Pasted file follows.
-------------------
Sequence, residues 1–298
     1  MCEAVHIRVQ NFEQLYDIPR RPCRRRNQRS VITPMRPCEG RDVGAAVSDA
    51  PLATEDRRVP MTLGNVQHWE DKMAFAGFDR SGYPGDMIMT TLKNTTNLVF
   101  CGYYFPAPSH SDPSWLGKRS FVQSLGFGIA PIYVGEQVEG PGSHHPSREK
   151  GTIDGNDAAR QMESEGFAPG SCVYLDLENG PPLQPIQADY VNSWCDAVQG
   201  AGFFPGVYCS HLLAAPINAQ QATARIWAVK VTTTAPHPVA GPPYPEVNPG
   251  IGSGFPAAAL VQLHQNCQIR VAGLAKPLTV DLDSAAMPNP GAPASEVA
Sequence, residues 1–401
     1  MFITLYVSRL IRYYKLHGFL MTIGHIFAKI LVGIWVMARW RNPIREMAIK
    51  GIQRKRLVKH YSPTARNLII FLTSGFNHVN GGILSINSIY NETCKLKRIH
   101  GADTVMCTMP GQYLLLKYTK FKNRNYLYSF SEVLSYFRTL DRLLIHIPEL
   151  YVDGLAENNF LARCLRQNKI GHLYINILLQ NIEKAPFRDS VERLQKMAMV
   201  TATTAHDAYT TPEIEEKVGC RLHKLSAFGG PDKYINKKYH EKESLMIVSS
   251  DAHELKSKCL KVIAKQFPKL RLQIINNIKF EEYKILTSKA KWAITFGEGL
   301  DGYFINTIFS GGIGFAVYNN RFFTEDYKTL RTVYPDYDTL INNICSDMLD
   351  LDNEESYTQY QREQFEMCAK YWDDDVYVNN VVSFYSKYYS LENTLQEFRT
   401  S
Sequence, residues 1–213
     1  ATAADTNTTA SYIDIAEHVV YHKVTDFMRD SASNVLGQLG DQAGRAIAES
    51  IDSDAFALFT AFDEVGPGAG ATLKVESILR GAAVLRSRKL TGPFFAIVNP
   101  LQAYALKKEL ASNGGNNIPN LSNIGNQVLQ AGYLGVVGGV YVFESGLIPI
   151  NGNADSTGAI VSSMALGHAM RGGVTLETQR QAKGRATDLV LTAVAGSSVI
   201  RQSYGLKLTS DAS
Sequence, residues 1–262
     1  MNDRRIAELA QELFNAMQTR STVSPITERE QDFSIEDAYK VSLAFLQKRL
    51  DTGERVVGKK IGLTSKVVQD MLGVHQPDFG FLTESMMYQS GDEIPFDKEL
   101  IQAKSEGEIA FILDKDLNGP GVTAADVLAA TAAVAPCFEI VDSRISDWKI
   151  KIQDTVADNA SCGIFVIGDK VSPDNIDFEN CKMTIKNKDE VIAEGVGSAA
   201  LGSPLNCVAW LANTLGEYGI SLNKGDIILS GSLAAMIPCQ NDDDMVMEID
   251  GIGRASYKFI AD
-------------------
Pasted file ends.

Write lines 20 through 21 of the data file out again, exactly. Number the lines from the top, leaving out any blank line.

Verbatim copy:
    51  IDSDAFALFT AFDEVGPGAG ATLKVESILR GAAVLRSRKL TGPFFAIVNP
   101  LQAYALKKEL ASNGGNNIPN LSNIGNQVLQ AGYLGVVGGV YVFESGLIPI